Each ship in turn calculates its base speed and then in most cases can try a steamship skill test. If passed a ship can make an extra turn or change its speed slightly. Then the ship moves using a template and after that the crew does an action. This action is like repairs, reloading a broad side etc. When all ships have moved then again alternating but by the initiative order they can shoot at other. Moved ships get wake markers as reminders that they have moved and those get removed after they have shot. It’s a simple yet effective way of doing that.

In the first turn the English fleet at the bottom ‘broke up’ and started gong in all sorts of directions – with large sails as well. The Dutch meanwhile realized that heading nearly into the wind (the wind was from the bottom of the board below), made for slow sailing. They had to do some fancy sailing not to crash into each other at one point as well. Putting the biggest and slowest ship in the front of the line maybe was not the greatest idea.

The English small ships in the front to their line maneuvered to get shots off at the leading Dutch Galleon. This was some of the the smallest ships in the game facing off vs. the biggest on the table. That said they could have done some damage but with Ernie at the dice that did not happen. Generally the Dutch Galleon was subject to raking shots at least 4 or 5 times and I do not think ever suffered a hit from it – so much for the gunnery of the English.

Damage on ships is measured in fatigue and damage. All ships as standard can take up to 6 of each but especially for bigger ships it takes more hits to do a point of damage. Fatigue effects the skill and other checks though so smaller ships can annoy and whittle away at the larger ones. I was unsure of the complexity of this system but in play we quickly got the hang of it.

Back to our game and the Dutch galleon with their admiral on board carried on alone trying to get around the island in the original direction of travel. Meanwhile the other ships in the Dutch fleet turned to sail towards the other end of the island and their objective. The English fleet also split up with one small ship continuing to engage the galleon and chase the Dutch, while the rest sailed line abreast at full sail on the other side of the island to the Dutch. Their light ships continued to fire shots at long range with the Dutch Galleon, with little lasting success.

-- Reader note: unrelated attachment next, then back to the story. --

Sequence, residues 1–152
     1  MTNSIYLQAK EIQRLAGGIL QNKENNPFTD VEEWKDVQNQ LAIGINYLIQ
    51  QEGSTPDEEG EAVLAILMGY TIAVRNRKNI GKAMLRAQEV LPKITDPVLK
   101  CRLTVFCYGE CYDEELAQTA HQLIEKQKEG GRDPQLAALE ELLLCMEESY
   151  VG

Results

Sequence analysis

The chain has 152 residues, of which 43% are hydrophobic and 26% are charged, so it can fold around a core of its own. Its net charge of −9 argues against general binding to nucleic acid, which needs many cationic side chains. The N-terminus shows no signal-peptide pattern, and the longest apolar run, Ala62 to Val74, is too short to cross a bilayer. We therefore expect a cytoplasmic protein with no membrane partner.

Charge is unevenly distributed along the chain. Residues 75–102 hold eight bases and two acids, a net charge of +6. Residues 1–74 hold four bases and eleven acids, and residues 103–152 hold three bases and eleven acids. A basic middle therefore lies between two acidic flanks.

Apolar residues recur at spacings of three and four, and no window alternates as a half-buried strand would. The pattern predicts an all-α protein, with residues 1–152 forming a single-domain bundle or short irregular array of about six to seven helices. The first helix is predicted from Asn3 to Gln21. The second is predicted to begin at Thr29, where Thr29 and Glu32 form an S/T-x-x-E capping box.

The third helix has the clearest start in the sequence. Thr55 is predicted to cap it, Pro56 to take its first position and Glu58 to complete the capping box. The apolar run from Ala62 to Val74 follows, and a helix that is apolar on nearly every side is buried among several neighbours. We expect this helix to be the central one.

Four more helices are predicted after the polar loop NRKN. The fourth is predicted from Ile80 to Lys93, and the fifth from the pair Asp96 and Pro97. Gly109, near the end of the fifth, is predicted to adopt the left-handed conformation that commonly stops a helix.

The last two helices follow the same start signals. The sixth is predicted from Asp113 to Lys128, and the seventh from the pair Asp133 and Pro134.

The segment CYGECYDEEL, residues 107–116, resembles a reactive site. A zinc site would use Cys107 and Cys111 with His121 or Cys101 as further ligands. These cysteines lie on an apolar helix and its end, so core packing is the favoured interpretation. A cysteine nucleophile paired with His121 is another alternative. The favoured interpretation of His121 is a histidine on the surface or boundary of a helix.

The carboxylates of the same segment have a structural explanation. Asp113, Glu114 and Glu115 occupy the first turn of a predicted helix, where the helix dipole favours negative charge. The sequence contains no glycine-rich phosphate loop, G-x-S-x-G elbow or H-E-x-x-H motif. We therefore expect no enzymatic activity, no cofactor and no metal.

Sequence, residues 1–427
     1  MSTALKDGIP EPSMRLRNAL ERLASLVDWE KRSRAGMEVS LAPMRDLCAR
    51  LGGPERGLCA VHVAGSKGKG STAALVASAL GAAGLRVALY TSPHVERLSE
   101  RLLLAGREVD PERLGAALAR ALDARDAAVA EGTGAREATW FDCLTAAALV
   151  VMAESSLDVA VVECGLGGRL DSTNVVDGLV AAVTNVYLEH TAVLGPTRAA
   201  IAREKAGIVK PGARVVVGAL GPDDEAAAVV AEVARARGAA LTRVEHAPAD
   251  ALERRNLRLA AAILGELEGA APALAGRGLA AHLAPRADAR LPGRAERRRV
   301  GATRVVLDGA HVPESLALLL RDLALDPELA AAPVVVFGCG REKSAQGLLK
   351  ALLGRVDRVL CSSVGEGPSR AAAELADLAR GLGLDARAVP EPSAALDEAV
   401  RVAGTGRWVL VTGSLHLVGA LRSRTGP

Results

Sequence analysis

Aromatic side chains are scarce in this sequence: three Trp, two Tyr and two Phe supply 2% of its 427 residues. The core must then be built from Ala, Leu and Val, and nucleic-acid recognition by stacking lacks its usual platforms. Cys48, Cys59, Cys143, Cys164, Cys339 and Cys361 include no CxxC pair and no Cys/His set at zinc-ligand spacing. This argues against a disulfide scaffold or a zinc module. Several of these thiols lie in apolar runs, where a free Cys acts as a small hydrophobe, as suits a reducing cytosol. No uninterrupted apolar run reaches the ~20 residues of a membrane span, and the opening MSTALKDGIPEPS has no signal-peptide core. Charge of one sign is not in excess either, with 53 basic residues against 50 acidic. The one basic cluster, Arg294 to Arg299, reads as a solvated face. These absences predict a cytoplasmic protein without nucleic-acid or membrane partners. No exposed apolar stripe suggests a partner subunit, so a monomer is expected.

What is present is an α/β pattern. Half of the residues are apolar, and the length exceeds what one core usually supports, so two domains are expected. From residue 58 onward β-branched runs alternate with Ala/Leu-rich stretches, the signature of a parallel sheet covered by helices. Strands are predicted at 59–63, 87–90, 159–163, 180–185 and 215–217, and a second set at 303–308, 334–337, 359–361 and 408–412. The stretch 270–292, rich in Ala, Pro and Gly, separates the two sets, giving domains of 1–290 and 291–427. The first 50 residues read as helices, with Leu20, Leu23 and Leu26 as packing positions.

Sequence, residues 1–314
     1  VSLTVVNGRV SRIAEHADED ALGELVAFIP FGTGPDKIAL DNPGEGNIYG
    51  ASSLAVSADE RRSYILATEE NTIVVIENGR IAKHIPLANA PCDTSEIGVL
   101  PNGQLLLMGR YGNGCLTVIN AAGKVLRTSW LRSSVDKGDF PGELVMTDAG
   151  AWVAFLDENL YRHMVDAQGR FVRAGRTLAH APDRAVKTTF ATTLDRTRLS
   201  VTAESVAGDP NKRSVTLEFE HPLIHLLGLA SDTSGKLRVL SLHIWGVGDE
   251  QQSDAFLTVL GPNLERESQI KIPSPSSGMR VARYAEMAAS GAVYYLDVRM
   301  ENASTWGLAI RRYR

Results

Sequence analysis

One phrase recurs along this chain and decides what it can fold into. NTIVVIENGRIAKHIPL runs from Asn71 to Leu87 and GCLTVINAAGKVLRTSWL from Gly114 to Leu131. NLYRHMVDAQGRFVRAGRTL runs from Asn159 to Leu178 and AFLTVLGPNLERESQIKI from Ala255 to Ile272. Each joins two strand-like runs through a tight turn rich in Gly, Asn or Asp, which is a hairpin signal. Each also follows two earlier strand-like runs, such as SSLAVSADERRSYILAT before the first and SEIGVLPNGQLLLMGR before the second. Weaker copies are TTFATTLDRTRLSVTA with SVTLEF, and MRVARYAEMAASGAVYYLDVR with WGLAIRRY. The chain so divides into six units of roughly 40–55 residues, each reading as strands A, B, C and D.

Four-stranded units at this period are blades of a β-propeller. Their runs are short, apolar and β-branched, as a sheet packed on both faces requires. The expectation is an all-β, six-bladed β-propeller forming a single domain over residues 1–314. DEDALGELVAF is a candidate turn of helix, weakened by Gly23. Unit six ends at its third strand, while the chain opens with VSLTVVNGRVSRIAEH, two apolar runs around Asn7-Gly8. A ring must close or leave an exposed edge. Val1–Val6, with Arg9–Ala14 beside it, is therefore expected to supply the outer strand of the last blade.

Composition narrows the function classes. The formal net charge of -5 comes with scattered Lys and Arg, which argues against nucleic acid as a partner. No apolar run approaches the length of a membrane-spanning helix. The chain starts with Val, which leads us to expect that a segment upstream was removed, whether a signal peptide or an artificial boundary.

The next turn the Dutch played a ‘one use initiative card’ – with a little more effect but then it is taken from the game. This added some shoals to protect the galleons rear from the fast moving light English ship moving round it. Both players had revealed the same value initiative card so that trigger an event – which was a temporary hazel or some such which reduced fring ranges that turn. This saved the Dutch from more shots but the English gunnery.

However, the Dutch poor seamanship played a part as well and one of their ships hit the island! You might think it was an extra shot or two of the ‘Dutch courage’ to blame… but you would be wrong. A poor seamanship roll and continuing to misjudge how the ships moved was more the cause. Still, luckily for them no damage was done from this poor sailing but we had a laugh about it for sure.

The Dutch had an objective at the other end of the island and in the last few turns of the game they got close enough with half their ships to secure this. The English in the mean time tried to get their ships to hit them doing that, but the island and their own ships started to get in the way of effective shooting. The Dutch at this point had started to get their eye in on the gunnery side of things. The slightly larger Dutch ships had more cannons (i.e. more dice to roll) as well which started to hurt the smaller English ships.